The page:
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Wednesday, August 04, 2021

Delhi bans soaps, detergents violating BIS standards to curb pollution in Yamuna

The NGT had also directed to launch awareness campaigns about the harmful effect of using substandard soaps and detergents.

By: Express News Service | New Delhi |
Updated: June 15, 2021 12:41:13 pm
A boat is anchored on a bank as toxic foam float in the polluted Yamuna river, in New Delhi, Saturday, June 5, 2021. (PTI Photo)

Sale of soaps and detergents not conforming to the quality criteria of Bureau of Indian Standards (BIS) have been banned in Delhi by the Delhi Pollution Control Committee (DPCC).

In a notice on Monday, the DPCC member secretary said the ban was imposed in compliance with orders of the National Green Tribunal (NGT) to prevent pollution of river Yamuna.

“Indiscriminate use of soaps and detergents, not conforming to BIS standards, has been identified as one of the contributors to the deteriorating water quality of Yamuna. There is probability of use of non-permissible chemical substances in the manufacture of soaps and detergents which are not conforming to BIS standards, which may cause harm to the aquatic life, river water quality, animals dependent on river as well as humans,” the DPCC order read.

The Yamuna Monitoring Committee, formed by the Tribunal, had in January recommended banning sale of soaps and detergents that are using non-permissible chemicals. The NGT had accepted the Committee’s recommendations in January and directed the Delhi chief secretary to enforce the ban.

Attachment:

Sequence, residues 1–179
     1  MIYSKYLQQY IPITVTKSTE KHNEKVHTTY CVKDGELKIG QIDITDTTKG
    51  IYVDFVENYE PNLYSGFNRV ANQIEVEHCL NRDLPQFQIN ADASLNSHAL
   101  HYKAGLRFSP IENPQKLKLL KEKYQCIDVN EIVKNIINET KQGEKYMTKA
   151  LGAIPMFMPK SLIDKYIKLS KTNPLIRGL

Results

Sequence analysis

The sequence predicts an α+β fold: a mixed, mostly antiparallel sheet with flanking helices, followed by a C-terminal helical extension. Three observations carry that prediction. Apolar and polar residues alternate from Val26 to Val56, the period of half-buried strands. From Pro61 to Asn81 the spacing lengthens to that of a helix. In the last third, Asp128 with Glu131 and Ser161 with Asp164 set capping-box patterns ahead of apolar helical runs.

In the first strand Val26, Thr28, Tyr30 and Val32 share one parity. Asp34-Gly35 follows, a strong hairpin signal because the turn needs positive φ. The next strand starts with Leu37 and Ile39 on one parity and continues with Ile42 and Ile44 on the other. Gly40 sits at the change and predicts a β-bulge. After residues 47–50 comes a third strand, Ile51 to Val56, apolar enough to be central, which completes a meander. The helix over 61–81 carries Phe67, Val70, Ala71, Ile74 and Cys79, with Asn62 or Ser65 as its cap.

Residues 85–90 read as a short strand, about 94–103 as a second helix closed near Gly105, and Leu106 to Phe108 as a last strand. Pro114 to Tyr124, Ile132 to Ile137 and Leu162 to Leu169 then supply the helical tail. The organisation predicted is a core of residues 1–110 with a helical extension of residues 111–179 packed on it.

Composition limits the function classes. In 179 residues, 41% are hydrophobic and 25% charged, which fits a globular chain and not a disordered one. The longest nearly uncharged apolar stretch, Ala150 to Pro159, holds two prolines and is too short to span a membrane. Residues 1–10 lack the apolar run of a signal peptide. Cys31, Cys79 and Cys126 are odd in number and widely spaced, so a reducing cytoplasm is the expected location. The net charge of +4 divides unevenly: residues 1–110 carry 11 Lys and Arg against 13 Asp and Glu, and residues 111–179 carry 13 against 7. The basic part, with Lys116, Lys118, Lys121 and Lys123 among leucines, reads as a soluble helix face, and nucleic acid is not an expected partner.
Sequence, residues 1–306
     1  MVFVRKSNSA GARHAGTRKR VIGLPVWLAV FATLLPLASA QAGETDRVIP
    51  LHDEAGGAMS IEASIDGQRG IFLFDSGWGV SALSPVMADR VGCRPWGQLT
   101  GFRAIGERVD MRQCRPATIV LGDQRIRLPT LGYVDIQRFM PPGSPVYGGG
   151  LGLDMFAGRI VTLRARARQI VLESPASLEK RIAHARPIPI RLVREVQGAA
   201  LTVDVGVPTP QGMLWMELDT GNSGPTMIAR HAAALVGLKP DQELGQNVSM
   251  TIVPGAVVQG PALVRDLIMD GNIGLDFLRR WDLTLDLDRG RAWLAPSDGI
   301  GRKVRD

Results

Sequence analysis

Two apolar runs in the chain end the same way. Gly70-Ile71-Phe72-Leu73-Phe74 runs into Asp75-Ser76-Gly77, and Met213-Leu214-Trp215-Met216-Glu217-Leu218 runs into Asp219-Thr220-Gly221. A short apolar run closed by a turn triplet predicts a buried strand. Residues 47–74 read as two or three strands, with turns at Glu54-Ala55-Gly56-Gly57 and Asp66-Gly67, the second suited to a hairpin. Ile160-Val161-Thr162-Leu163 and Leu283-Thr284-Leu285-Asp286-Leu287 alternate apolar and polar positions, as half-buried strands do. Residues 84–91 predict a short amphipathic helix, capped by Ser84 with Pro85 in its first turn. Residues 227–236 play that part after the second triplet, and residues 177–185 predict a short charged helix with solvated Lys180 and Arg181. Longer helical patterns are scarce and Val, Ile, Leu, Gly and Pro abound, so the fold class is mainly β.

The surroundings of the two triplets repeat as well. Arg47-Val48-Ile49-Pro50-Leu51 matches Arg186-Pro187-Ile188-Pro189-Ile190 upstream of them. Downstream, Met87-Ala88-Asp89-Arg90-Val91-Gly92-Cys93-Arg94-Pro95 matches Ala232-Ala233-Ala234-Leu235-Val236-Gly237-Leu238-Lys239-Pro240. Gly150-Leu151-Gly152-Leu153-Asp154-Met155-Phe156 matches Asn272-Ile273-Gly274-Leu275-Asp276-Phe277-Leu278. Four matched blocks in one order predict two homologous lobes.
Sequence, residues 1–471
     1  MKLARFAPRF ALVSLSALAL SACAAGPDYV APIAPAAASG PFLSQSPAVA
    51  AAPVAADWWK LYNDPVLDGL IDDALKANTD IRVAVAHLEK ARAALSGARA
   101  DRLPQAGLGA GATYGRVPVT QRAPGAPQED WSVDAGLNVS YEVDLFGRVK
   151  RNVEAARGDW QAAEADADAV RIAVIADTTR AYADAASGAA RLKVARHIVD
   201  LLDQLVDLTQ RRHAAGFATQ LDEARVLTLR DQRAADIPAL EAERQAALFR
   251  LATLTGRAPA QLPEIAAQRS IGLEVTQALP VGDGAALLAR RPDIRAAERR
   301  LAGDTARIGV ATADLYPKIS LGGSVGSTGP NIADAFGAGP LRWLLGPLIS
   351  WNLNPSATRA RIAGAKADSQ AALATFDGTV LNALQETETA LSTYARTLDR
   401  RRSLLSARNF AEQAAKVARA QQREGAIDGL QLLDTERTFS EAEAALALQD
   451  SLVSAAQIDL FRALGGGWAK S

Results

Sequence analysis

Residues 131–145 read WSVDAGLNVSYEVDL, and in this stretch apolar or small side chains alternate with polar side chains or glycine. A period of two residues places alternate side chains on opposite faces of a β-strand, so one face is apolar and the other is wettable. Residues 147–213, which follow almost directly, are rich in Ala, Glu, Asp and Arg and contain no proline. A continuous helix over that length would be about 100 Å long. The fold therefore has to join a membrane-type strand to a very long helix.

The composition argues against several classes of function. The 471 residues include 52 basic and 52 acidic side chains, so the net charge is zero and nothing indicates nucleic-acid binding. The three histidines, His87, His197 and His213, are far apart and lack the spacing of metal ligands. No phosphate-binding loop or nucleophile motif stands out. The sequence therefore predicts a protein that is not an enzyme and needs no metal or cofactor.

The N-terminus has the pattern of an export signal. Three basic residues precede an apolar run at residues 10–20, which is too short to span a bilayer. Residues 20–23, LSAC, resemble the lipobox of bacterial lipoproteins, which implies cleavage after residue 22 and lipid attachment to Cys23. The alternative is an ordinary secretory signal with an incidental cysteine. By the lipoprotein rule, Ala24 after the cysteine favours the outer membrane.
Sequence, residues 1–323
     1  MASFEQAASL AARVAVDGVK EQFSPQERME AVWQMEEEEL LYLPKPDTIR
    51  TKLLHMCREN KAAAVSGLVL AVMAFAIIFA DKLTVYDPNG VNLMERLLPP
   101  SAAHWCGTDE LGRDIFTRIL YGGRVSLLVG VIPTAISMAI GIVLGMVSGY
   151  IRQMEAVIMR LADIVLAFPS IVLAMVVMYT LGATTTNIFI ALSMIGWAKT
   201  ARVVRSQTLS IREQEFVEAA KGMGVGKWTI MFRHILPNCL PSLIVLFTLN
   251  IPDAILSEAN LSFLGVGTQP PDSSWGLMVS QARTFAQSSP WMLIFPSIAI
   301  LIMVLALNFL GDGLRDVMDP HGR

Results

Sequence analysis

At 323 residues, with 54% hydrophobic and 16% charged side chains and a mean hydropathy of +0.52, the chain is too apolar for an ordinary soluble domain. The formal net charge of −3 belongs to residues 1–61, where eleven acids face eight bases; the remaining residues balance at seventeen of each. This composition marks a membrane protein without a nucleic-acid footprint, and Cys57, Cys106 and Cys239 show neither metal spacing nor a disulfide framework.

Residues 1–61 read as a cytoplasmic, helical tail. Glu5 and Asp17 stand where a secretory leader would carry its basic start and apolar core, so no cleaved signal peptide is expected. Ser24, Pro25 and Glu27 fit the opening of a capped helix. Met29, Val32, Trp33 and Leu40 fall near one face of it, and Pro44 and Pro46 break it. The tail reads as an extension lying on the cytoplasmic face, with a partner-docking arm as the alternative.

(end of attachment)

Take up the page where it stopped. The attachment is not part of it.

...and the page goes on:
The DPCC notice was sent on Monday to municipal commissioners, Delhi Police commissioner, various heads of departments of the Delhi government, the Delhi Jal Board, and the Delhi Development Authority.

“Sale, storage, transportation and marketing of soaps and detergents not conforming to the revised BIS standards shall be completely prohibited in Delhi,” the DPCC directive read.

All departments and authorities including municipal corporations, civil supplies departments and district administrations having control over shops and establishments have been asked to ensure compliance through strict vigilance and surprise checks.

Monthly reports of inspections conducted and action taken has to be submitted by authorised officers to the DPCC, the directive said. Non-compliance with directions will attract penal action under Section 41 of the Water (Prevention and Control of Pollution) Act 1974.

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